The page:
Welcome to our first “CodeNewbie Community Spotlight” — a series where we interview an individual from our community and highlight all that they’ve accomplished. We can’t wait to celebrate our CodeNewbie community in a new and different way each month!
Name: Bekah Hawrot Weigel
After going through a personal trauma, I was having a really difficult time. It was hard to concentrate. It was hard to go to my job. It was hard to feel whole. My husband is a developer, and he kept encouraging me to learn how to code. I was really annoyed — I had enough on my plate with a new baby and a physical and mental health crisis, but I ended trying freeCodeCamp just to get him to stop asking. And what I found was the cycle of traumatic memories stopped when I was coding. I focused on the code and the learning and the errors, and I felt relief for the first time in a year. So for me, it was therapeutic. And to quickly find some amazing communities (including CodeNewbie!) gave me the support and reassurance that I needed to keep pushing forward.
Honestly, I value connection with the people I work with over everything else. So my dream role will always be working with people who are kind, empathetic, willing to listen, and let me learn. In terms of product, I would love to build something that improves the medical field. Right now, I have an open source project to monitor postpartum wellness. If I ever get that into production and if it helps even one woman with an early diagnosis of a postpartum mood disorder or to reach out for help, I would consider that a dream come true.
One of the things I learned about trauma is that being in isolation is never a good thing. Having a community around you to support you, cheer you on, help you to learn and grow can make the difference between progress and failure. When people talk about mentors, I always think about the ones who helped me through the journey of coding, and not necessarily the ones who walked through my codebase. It’s because of them that I kept moving forward and eventually learned to believe in myself. That might come naturally to some people, but it took me a while to get there.
I am so proud of creating a Virtual Coffee! I started it after I lost my job temporarily due to COVID, and I was really struggling. To combat my feelings of loneliness, I invited anyone on Twitter to have coffee for an hour via Zoom. And it’s grown into an online community of developers at all stages who mentor, create educational content and provide a safe community at no cost. I was really excited to be supporting our community maintainers and contributors for Hacktoberfest. There’s a wonderful closeness and intimacy with this group that I’ve not found anywhere else.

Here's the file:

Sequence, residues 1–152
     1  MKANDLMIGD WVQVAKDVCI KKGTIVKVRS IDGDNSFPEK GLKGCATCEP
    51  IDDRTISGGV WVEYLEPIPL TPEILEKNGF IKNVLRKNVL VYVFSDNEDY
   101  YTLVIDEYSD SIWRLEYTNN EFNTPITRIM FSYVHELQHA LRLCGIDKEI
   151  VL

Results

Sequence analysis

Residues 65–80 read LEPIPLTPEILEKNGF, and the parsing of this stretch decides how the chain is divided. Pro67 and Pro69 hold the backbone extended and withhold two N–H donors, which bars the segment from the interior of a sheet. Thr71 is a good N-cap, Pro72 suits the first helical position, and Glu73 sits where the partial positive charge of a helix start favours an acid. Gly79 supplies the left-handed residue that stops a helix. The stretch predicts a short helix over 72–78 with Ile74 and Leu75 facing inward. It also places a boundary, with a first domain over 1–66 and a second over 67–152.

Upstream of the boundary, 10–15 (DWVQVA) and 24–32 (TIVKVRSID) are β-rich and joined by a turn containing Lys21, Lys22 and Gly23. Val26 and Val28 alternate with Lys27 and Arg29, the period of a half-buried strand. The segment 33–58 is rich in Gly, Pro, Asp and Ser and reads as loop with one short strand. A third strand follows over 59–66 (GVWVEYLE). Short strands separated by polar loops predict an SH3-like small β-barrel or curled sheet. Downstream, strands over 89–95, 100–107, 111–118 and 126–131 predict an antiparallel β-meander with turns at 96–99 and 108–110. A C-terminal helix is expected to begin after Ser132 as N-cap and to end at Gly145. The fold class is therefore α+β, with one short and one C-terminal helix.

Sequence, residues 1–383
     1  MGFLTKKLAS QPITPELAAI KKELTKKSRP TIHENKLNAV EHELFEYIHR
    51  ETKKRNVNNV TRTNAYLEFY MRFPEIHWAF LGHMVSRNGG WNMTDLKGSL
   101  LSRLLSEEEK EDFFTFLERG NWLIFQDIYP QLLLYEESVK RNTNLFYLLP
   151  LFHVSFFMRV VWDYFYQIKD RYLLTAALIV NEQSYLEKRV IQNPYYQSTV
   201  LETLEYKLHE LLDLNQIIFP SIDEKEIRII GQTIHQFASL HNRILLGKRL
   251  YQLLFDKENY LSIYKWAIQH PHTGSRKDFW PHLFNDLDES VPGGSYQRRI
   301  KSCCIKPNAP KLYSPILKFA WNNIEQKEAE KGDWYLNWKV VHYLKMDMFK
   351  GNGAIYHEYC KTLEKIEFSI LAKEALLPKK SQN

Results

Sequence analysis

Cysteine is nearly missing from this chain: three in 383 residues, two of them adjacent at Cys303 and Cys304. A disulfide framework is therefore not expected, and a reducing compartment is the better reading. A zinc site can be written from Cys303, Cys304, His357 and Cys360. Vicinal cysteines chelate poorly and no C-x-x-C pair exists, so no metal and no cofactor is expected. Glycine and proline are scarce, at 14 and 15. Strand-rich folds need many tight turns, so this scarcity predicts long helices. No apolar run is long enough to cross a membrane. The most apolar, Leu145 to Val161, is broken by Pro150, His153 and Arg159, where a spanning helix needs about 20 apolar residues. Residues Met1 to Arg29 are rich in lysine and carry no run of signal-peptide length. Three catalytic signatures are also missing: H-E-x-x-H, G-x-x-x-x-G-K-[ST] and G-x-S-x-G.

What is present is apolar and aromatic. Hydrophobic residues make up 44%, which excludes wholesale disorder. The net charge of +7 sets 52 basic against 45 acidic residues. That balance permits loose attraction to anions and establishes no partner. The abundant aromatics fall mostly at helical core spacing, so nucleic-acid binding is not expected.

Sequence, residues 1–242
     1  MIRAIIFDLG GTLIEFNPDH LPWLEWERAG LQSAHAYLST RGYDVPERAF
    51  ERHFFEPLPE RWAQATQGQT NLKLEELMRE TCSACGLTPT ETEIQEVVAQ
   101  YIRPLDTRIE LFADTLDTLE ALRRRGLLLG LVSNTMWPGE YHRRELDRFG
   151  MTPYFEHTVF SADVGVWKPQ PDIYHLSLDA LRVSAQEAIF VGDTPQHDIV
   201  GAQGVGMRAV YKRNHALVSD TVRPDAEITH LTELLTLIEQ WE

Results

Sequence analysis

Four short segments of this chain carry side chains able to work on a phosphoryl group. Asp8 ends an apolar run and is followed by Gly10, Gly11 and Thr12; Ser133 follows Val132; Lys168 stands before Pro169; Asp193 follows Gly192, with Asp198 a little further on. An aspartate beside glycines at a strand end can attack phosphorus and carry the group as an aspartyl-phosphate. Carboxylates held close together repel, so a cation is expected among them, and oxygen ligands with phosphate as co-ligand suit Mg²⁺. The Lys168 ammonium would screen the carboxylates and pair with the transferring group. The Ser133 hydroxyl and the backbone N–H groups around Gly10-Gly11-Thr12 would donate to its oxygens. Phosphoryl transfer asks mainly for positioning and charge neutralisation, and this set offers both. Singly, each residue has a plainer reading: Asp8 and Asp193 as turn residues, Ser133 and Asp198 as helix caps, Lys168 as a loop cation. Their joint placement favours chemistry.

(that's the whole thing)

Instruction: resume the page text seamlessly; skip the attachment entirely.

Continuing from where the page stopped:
I’ve already touched on working through trauma and losing my job, so I’ll add making it through my first year as a developer. I had a ton of self-doubt. As a career changer, a woman, and a mom, I didn’t see many stories like mine. In fact, I saw a lot of stories of women like me leaving tech. And it took a long time to realize that the struggles I was going through were the struggles that everyone else goes through. It wasn’t that I wasn’t smart enough or that I wasn’t moving fast enough; it was that I needed to figure out my process and the best way to communicate with the other developers I’ve worked with. They’re growing pains. And now I’m confident that if I don’t know how to do it or what’s even happening with the code, that I’ll be able to figure it out.
I have written one memoir, three screenplays (two were co-written), and three pilot episode specs for fun!
To read more about Bekah’s coding journey, you can follow her here on DEV @bekahhw . One post we particularly loved was this vulnerable and powerful piece: